Monday, October 27, 2014

Derma

I have protection on my mind. Last week, I visited a dialysis center and it has brought the extraordinary quality of my skin to the fore. The nurse repeatedly emphasized the importance of keeping all infection away since I would have an open way in the body cavity. I nodded sagely in solemn agreement.

Later that day, I accidentally touched a hot kettle and the cat accidentally scratched me. My hand felt the accidents and as is my wont, I ignored them and went about my work. Today, I noticed the new, pale, unbroken skin beneath the little burned patch and the red angry scratch scar had healed over.

This is absolutely and totally incredible and magical! My skin is so perfect a protector to the rest of me, that my sensitive inner organs need no armor, no pelt, no spikes. The skin is alive, with an intelligence of its own and knows its job, which it pursues relentlessly, determined, it seems, to protect the rest of me beyond the foreseeable future. Protean in its nature, it changes its hues, shades, textures, and size to keep up with my changing body. A skin-less opening can spell so much disaster that a separate intelligence, diligence, and deliberation are constantly needed, and even then, it is only a matter of time when "human error" will lead to serious infections.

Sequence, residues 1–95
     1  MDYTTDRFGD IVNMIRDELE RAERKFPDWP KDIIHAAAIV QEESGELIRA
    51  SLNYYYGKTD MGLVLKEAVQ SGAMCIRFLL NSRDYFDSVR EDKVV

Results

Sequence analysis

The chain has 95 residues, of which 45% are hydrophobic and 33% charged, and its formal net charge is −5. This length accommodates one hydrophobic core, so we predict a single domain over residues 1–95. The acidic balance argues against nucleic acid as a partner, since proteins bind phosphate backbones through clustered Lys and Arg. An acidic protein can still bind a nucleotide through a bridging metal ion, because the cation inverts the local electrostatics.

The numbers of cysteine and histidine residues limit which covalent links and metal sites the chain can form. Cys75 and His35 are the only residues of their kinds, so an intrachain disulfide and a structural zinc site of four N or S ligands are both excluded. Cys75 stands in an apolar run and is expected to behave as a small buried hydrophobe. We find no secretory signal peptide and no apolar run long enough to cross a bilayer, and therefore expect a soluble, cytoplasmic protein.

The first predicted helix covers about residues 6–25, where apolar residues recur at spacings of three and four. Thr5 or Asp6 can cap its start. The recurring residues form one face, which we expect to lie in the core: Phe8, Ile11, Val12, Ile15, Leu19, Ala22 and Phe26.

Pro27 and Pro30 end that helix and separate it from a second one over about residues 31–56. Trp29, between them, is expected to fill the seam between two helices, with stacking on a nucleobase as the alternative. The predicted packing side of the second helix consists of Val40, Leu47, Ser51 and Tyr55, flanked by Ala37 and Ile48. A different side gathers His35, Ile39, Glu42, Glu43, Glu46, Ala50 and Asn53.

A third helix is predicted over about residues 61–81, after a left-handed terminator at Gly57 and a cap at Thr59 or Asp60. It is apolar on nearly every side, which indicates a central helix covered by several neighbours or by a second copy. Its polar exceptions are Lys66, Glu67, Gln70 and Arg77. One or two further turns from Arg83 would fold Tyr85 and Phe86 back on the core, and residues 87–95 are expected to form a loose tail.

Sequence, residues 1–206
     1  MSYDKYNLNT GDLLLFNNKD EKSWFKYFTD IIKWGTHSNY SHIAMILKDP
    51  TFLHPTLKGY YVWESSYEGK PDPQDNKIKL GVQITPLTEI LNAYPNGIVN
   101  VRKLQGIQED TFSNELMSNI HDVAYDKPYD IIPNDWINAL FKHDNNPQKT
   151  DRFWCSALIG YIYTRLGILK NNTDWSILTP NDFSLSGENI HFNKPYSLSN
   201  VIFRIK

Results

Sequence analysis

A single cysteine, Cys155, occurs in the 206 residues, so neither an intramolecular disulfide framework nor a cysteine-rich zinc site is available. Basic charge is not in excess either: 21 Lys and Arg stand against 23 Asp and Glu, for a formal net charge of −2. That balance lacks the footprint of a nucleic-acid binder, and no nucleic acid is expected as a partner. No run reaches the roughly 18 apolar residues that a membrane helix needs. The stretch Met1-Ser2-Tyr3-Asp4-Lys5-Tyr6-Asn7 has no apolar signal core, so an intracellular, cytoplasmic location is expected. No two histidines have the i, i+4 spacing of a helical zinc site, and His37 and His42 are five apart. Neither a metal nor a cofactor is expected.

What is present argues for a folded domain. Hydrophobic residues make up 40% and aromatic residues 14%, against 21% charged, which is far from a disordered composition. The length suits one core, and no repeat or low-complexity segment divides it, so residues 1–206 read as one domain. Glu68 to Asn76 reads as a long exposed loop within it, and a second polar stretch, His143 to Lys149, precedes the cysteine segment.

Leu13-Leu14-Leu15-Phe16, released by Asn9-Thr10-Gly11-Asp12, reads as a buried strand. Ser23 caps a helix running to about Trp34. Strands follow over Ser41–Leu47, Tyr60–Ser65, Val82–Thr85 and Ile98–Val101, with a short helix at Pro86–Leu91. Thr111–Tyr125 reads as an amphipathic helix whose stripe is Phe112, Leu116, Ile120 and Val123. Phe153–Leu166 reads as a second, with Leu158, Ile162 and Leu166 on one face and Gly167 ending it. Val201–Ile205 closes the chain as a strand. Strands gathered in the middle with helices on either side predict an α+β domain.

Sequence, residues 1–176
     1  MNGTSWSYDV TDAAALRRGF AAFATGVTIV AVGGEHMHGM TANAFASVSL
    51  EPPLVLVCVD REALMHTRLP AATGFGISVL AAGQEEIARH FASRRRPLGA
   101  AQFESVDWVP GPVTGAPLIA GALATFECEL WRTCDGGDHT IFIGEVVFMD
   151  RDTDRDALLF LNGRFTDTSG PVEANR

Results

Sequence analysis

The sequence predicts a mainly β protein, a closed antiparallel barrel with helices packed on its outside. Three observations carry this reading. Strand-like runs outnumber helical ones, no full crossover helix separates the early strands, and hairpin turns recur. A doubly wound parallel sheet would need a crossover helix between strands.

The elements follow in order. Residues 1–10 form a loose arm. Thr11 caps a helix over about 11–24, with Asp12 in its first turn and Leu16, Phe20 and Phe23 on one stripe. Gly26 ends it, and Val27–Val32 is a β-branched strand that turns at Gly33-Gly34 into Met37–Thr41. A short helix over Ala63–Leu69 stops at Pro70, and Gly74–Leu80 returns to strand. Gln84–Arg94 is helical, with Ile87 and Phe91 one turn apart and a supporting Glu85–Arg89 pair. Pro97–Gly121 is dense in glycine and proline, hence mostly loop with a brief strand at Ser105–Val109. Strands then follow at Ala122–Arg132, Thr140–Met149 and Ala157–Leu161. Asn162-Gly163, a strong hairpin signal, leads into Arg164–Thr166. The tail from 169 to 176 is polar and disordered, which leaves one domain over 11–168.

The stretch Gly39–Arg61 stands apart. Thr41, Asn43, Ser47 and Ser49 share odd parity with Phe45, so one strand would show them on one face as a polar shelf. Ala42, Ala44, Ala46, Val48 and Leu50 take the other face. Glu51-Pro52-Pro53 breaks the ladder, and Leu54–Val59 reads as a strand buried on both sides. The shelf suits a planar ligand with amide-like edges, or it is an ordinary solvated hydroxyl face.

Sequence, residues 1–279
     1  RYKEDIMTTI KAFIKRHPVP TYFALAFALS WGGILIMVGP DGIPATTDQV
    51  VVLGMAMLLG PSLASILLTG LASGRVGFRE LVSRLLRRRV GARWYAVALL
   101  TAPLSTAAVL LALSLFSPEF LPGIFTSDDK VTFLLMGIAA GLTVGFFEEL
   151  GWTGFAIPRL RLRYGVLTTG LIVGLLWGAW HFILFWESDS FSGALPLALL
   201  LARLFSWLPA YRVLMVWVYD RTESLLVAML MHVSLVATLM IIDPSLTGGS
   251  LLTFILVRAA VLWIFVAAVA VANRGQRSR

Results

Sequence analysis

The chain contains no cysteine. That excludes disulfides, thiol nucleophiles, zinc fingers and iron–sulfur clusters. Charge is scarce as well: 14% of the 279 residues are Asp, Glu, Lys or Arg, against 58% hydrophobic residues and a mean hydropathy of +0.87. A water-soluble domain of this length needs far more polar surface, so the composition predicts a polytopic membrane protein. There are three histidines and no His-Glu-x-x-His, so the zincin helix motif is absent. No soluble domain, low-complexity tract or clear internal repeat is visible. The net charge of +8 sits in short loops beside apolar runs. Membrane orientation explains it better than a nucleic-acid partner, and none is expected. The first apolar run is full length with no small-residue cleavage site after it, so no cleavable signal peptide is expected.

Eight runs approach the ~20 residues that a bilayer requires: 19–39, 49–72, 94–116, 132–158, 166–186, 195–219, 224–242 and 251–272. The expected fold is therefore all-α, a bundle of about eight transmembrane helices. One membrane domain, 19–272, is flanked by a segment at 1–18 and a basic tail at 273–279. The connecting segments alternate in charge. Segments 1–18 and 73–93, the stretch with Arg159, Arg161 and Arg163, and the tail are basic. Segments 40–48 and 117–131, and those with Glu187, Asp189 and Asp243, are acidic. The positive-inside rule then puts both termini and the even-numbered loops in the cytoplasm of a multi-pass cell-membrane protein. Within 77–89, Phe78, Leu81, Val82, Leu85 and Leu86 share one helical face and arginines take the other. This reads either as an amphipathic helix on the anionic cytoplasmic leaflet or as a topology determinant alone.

Previously, I have confessed my amazement at the miracle the body is, one's first and last home, one's best friend if only one would let it, whose betrayal leaves one broken in unimaginable ways. It must have indeed been a benevolent star that oversaw the evolving of multi-cellular mammals. And incredible as all other organs are, the skin is the one that gives us a face, expresses feelings, gives alerts to the rest of the body, like an interactive suit from a futuristic world.

Today, I m feeling a bit under weather (either a burst cyst or a pulled muscle, I cannot quite tell) and my skin envelops and comforts me better than any quilt can. It provides me further comfort, the kind only a friends-and-family photo album can. Instead of haunting my facebook for memories, I examine my arm, my leg, my face: here is the scar I got when I fell down the steps of my grandfather's house; that faint streak of paler shade is the medal of honor I received when I fell off my bike for the first time; that birthmark on my shoulder is the same I share with my daughter; this one I inherited from my mother; the wrinkles at the edges of my eyes are very much like the ones my father had, my favorite part of his smile.

How incredible that the connections I am always looking for, which bind me to the world I have trotted away from, are always with me; all I need is a mirror that speaks the truth!

2 comments:

  1. Wonderful writing as always. I have always loved the idea that we carry memories on our skins/scars.

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    1. Thank you, Kristin, for being such a loyal, wonderful reader!

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